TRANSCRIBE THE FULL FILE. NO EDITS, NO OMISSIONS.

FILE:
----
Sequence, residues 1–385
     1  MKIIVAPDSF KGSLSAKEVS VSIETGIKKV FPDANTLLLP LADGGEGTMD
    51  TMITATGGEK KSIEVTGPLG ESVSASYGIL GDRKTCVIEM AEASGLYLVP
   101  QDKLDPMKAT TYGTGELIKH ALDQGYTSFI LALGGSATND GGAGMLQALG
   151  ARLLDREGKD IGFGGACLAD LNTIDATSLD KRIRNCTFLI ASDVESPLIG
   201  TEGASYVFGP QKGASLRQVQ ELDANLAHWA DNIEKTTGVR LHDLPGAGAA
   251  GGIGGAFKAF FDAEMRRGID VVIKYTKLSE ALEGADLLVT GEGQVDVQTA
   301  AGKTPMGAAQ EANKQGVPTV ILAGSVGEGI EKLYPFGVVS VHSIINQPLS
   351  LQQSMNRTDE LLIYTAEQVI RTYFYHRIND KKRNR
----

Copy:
Sequence, residues 1–385
     1  MKIIVAPDSF KGSLSAKEVS VSIETGIKKV FPDANTLLLP LADGGEGTMD
    51  TMITATGGEK KSIEVTGPLG ESVSASYGIL GDRKTCVIEM AEASGLYLVP
   101  QDKLDPMKAT TYGTGELIKH ALDQGYTSFI LALGGSATND GGAGMLQALG
   151  ARLLDREGKD IGFGGACLAD LNTIDATSLD KRIRNCTFLI ASDVESPLIG
   201  TEGASYVFGP QKGASLRQVQ ELDANLAHWA DNIEKTTGVR LHDLPGAGAA
   251  GGIGGAFKAF FDAEMRRGID VVIKYTKLSE ALEGADLLVT GEGQVDVQTA
   301  AGKTPMGAAQ EANKQGVPTV ILAGSVGEGI EKLYPFGVVS VHSIINQPLS
   351  LQQSMNRTDE LLIYTAEQVI RTYFYHRIND KKRNR